(c) Thus, don't worry about the "lost years" between 3rd grade and senior year; most of the work during that time was being done for you on a physiological level as your body and brain matured. Plenty of great people throughout history spent the years 10-18 in picking cotton or child-minding or factory work or similarly uninspiring pursuits, then hit a little time to study in their early 20s and took off running. But you do need to get off the internet now. Like, right now. I would suggest a week or two cold turkey, or school-assignments-only, if you can manage it. You'll be surprised at how fast the brain fog will clear and your natural focus and curiosity will ramp up.
posted by Bardolph at 8:03 PM on January 3, 2015 [30 favorites]

Best answer: I have no idea how I am going to forgive myself for basically wasting my childhood. How can I get over this?

Cranky old man, here: childhood is kind of a waste of time. You didn't miss anything, outside of a lot of vapid movies and parties. Actually, to be honest, it kind of sucks you missed out on the parties and making friends, but you can make up for lost time now and in college. (And even with the friends thing, the people I know who had "lots of friends" in high school later dropped them when they decided that a lot of them were shallow and not that bright, which I found to be a lot of messed up-edness in and of itself).

As someone else said here, your writing is really high quality, compared to a lot of crap you see on the Internet. You didn't spend your childhood playing WoW or Call of Duty, and for that you should be thankful.

What it sounds like happened is that you had a lot of anxiety issues and wasting time in Internet forums provided a feeling of relief from the anxiety, so you kept doing that rather than pursuing other more useful things.

Going forward, to get ahead, you probably will want to create a lot more structure for yourself so that you have less opportunity to get caught in these black holes. In your last question, you even state that it is the unstructured time where you are the worst off, even though you so well in your classes.

Take on more responsibilities and structured tasks/classes/socializing so that you can enrich yourself and leave yourself fewer opportunities to waste time simply because it provides you anxiety relief.
posted by deanc at 8:11 PM on January 3, 2015 [9 favorites]

Another old fart here that is only now learning the truth of the saying,"anxiety doesn't fix today and it only fucks up tomorrow". Just try to do better and when you fail, collect yourself and try again. Pursue interests that aren't "studying". Things like dancing, woodworking or theatre are activities that engage the body or the hands while developing the intellect.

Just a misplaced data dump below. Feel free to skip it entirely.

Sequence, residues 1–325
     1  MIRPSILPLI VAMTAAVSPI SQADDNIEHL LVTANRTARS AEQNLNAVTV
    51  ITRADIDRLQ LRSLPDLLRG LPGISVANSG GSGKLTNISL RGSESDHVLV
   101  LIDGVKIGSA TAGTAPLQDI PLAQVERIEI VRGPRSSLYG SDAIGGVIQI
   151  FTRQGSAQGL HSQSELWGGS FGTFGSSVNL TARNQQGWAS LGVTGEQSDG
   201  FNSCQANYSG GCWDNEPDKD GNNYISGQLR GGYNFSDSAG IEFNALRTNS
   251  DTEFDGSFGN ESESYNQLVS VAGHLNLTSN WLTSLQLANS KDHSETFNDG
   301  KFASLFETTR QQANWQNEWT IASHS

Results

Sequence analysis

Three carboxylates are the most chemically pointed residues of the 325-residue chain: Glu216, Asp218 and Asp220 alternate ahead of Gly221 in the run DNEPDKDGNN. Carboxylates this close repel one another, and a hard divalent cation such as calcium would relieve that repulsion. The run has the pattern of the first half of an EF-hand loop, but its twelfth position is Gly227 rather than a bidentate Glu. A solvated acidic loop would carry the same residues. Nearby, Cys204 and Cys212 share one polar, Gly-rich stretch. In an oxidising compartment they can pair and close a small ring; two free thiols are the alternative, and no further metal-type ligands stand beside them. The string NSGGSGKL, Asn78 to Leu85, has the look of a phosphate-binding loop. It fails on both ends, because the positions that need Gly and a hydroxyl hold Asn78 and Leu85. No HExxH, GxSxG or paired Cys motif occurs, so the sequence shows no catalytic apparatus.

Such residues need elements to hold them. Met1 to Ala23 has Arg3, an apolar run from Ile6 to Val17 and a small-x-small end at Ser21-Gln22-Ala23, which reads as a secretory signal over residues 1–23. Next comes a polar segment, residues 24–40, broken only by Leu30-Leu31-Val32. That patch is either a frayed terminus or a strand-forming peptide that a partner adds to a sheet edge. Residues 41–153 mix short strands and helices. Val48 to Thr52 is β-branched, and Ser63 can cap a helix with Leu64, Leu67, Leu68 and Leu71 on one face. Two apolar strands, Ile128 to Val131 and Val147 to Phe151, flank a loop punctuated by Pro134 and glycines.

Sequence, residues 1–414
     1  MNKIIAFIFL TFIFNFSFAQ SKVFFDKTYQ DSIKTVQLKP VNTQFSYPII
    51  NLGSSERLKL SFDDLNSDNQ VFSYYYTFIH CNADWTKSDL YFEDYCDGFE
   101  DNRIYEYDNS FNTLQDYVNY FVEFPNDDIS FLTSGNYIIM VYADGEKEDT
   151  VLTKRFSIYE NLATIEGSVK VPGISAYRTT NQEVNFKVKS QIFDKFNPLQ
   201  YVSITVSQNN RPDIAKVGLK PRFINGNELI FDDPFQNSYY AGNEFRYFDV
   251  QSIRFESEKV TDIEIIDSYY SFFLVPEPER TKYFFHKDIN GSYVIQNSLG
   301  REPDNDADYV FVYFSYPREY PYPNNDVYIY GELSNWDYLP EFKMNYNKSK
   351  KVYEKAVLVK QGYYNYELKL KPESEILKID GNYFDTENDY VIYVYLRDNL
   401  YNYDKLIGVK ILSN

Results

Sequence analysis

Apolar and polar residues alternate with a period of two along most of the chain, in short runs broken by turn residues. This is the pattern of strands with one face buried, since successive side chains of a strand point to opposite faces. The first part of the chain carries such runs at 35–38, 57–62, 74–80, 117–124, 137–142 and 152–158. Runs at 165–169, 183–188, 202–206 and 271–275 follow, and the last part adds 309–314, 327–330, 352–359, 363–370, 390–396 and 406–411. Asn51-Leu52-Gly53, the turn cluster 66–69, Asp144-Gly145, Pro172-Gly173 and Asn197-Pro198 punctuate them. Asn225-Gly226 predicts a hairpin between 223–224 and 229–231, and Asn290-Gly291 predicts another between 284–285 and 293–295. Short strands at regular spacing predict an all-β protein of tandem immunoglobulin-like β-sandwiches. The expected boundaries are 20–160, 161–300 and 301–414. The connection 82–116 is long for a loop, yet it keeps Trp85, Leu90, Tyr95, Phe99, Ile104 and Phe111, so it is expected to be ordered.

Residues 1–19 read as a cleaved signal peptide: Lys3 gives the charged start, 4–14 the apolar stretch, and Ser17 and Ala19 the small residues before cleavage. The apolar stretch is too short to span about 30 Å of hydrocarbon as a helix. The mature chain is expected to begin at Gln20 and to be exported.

posted by bonobothegreat at 8:31 PM on January 3, 2015 [11 favorites]

You might hasten your self-forgiveness by reading critiques or alternative viewpoints of the concepts of productivity, busyness, and achievement. Who says you have to be "productive" anyway? For instance, here's a review of a book called The Secret World of Doing Nothing. (There are probably better critiques, but I don't know them offhand.)
posted by salvia at 9:03 PM on January 3, 2015 [1 favorite]

Start taking small, manageable steps towards the life you want. The satisfaction of building new habits and working towards accomplishments that excite you will help you let go of your disappointment with how the last few years have gone.

The internet is a powerful antidote to anxiety. What you think of as a clear decision seems more like a compulsion to seek relief, imo. Finding ways to manage your anxiety that don't put you in conflict with yourself might help.
posted by bunderful at 9:03 PM on January 3, 2015 [2 favorites]

Best answer: I know people in their 30's who have spent the last 9 years in an internet (or other type) fog. Which is a lot easier to do as you get older because time starts moving really fast. Before you know it 2 years are up and you wake up and wonder what the hell you even did the past two years. You're in highschool. You have time, Relax.

If you really feel you have an escapism problem (I prefer that term to addiction when a substance is not involved even though substance abuse is also about escapism). The best thing you can probably do is disconnect the internet in your immediate area. You'll be surprised how much you get done if you do this. Can your parents help? One idea is maybe you can put a computer without internet in your room to write and do homework on. And keep the interneted Computers (yes, I just made interneted a word) in a locked room. Ask one of your parents to keep it locked and keep the key with them. Then when you must use the internet for research or something, take an index card and a kitchen timer. Write down on the index card what sites or things you want to look up and put a time limit next to it. Example: Facebook 5 min; Homework research 30 minutes etc..Only AFTER completing the index card should you go to your parent and ask for the key to the room. Then set the timer and do not under any circumstance go over that timer limit. Do not allow 6 minutes on facebook and never go back to facebook again that day. Make it a daily limit. Make it a game for yourself.

The compulsion to go online is virtually impossible to break if you always have access to the internet.
posted by manderin at 9:23 PM on January 3, 2015 [2 favorites]